WINGO: When you went to Eastern, did you take classes on nursing?


WINGO: Oh, [ ]. And why was, were there anyone in your family, like your father, or anyone who was in the, in any of the wars? Any of them go to war?

CARTER: I don't think so.

WINGO: No? Oh okay. You, uh, you wouldn't have any-

CARTER: There’s a sister and a brother, there were just three in our family.

WINGO: Mm-hmm.

CARTER: [My brother lives in Indianapolis] and my sister lives down the street.


WINGO: Your mother lives there now?

CARTER: My sister.


CARTER: My mother's been dead a long time.

WINGO: You wouldn't have a photo album, would you? That you could show me, your family, any pictures?

CARTER: Um [long pause]


CARTER: and this is my sister's [two daughters].

WINGO: This is an old picture.

CARTER: Well, that's my mother's brother. He used to live, worked on the train and lived in Chicago. And this is my sister's son.


WINGO: Who is-

CARTER: My sister's, uh, daughter’s.

WINGO: What's this one, this is a nice picture from way back.

CARTER: This little picture?

WINGO: Mm-hmm.

CARTER: Well, I don’t think I can tell you just who that is.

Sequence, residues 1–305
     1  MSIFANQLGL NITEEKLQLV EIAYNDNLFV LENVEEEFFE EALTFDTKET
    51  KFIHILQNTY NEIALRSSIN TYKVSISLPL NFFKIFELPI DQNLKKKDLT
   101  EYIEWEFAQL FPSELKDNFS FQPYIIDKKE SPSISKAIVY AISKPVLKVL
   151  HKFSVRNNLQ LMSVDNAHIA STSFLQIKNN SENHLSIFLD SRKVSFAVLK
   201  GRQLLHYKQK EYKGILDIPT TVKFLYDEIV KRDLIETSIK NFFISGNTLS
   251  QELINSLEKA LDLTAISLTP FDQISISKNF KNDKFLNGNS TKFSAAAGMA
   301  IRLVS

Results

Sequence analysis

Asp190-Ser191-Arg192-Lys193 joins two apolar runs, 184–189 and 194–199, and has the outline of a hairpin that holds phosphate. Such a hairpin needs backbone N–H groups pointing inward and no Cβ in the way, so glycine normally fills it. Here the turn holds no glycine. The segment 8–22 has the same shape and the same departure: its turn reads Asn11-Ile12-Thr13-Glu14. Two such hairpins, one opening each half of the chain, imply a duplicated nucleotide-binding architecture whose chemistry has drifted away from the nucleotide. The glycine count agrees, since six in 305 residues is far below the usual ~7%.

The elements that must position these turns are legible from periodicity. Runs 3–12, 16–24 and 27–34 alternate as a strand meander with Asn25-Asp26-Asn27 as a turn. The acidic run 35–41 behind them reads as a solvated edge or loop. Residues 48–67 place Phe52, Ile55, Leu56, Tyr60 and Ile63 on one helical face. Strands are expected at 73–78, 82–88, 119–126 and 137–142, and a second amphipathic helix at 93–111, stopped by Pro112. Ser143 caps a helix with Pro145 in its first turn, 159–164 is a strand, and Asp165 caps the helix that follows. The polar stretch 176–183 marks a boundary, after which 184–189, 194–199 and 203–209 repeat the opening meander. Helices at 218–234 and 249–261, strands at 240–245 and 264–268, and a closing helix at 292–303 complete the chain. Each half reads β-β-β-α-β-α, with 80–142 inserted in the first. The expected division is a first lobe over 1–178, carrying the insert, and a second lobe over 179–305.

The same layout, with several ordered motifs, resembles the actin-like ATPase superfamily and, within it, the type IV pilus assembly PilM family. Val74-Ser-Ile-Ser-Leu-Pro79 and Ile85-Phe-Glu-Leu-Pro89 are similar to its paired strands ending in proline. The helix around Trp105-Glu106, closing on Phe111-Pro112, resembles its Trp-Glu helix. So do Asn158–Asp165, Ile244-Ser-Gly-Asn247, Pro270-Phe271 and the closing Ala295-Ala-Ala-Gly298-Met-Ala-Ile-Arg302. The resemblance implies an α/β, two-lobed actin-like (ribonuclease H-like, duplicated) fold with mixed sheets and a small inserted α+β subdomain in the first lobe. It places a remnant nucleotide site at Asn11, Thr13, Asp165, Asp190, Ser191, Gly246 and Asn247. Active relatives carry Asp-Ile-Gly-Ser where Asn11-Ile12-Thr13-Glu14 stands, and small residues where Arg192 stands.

WINGO: [Looks like it’s from way back]. [ ]


WINGO: [Oh! Pretty].


CARTER: Excuse me just a second.

WINGO: Uh-huh.


WINGO: I wonder how they got in here [ ].



WINGO: [ ] Your brother [ ]


WINGO: [No?]

CARTER: It might have been, uh, it’s a relative. It might have been my brother’s child, I don't know. [ ] Isn’t that sweet?

WINGO: [Mm-hmm]. How did, did someone give this to you?

CARTER: I guess they must have or I wouldn’t of had it. [Laughs]

WINGO: [Laughs] You make a good point there! [Laughs]

CARTER: [Laughs]

WINGO: We'd like it if we can have copies of these somehow, to put in the museum, and then give these back to you, we would really like it. Maybe we could, someone could have them run off or something?

CARTER: This is my niece's son there.

WINGO: This one? Handsome.

CARTER: Mh-hmm. And this is his sister, his sister’s [ ]. And this is my 22:00mother's brother.

WINGO: You could tell how the child styles of clothing have changed.

CARTER: Oh yeah, [he lived in Chicago and worked on the railroad].

WINGO: [ ] [Who is] this cute little [young man]?

CARTER: Uh, that’s my [ ] [little brother] [ ] [doesn’t have any name on it].

WINGO: No. [ ] [These are nice].


CARTER: And this was my, uh, mother's, um, brother’s son's wife.



CARTER: [ ] this is just a little picture of this. [ ] But isn’t it sweet? [Laughs]

WINGO: He’s cute! [Laughs]

CARTER: I think it’s just darling as he can be.

WINGO: He is!

CARTER: Maybe you can read that?

WINGO: Brian Chester [Noland], parents Ron and [ ]. Are they related to you?